Mozilla enabled ads in Firefox and they're active in Fedora
tradej at redhat.com
Tue Nov 18 17:25:42 UTC 2014
On 11/18/2014 05:46 PM, Gerald B. Cox wrote:
> On Tue, Nov 18, 2014 at 7:17 AM, Tomas Radej <tradej at redhat.com> wrote:
>> I believe M$ made "good experience" with ballot screen, may be we should
>>> implement something similar in open source spirit ;)
>> If we do not want Firefox as default, this seems to be much better option
>> than just replacing it with a specific one IMHO.
> The "ballot screen" was required to be developed by Microsoft as part of
> the settlement of the anti-trust case with the EU. Mozilla's Firefox ads
> don't even begin to approach what Microsoft was doing. We don't need a
Nobody said we'd do it for the same reason.
> "default-o-matic" program where people would end up choosing Firefox
> anyway. If we really wanted to provide a free alternative to Firefox, we'd
> get Chromium working - it is really the only viable alternative.
While I concur that there's not much alternative to Firefox, I think in
this context, choosing Chromium is going out of the frying pan and into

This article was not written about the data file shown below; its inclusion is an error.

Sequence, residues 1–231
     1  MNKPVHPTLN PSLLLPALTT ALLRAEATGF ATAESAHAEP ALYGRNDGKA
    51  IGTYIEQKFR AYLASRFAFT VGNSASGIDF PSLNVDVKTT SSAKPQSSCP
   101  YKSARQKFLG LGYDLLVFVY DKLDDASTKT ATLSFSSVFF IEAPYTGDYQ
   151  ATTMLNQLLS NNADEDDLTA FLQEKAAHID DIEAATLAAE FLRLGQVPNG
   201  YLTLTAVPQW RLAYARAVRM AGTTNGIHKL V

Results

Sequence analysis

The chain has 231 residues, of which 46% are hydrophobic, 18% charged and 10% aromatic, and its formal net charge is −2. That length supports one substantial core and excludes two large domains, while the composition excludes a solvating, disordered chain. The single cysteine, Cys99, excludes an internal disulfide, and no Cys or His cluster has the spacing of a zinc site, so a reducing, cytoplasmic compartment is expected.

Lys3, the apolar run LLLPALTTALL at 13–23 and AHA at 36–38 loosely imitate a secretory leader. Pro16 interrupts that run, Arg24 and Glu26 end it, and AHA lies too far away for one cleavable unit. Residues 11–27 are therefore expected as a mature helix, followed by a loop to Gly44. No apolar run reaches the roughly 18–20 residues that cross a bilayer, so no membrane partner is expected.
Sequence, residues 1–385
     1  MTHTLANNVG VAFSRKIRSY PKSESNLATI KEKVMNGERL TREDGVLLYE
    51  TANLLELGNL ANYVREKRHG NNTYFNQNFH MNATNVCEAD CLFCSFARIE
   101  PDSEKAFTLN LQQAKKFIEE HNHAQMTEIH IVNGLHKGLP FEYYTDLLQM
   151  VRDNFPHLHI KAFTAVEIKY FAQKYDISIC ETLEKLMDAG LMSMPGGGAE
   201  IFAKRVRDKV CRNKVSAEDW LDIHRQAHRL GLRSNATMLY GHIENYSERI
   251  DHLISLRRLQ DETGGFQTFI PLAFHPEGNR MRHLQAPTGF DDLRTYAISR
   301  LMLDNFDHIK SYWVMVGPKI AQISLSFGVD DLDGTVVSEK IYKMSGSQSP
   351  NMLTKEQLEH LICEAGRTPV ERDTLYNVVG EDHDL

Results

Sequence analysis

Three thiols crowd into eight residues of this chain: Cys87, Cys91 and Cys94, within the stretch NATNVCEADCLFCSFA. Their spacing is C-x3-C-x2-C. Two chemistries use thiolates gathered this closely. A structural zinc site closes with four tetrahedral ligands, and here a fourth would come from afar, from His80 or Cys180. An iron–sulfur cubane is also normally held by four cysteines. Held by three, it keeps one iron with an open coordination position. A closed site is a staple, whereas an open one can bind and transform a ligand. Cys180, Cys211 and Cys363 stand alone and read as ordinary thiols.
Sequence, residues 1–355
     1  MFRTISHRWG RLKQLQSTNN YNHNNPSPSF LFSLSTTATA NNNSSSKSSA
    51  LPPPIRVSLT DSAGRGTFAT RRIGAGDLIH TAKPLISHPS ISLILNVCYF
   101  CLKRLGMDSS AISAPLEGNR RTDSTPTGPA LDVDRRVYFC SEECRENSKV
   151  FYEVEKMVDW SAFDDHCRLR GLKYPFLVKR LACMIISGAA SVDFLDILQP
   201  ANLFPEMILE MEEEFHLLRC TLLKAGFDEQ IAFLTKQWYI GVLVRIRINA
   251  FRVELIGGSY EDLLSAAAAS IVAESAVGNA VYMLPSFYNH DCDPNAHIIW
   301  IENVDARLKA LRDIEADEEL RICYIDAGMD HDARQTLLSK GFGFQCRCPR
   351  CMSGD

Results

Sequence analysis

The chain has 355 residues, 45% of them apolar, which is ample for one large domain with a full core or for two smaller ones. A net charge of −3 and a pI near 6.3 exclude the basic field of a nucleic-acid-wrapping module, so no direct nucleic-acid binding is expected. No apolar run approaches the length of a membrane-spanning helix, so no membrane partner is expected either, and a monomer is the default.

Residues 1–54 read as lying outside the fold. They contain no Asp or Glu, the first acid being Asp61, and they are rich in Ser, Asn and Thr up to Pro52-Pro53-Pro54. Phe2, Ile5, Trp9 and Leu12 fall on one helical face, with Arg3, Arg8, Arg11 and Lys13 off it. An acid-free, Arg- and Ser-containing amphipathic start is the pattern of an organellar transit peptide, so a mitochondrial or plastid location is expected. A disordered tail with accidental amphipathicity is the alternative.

the fire. I might have been doing it wrong, but even after I disabled
every single call-home thing I could, wireshark still detected a few
packets sent to Google servers upon Chromium starting, whereas with
Firefox, nothing was sent at all until I started typing in the address bar.
Additionally, the "Google way" of open source development is arguably
less-than-stellar, as illustrated in , and some of the bugs that
prevent Chromium to be present in the mainline Fedora repositories have
been open since 2009 without much progress (listed as blockers for ).
Based on the aforementioned, I think it's infinitely easier to fix
Firefox than push for Chromium.
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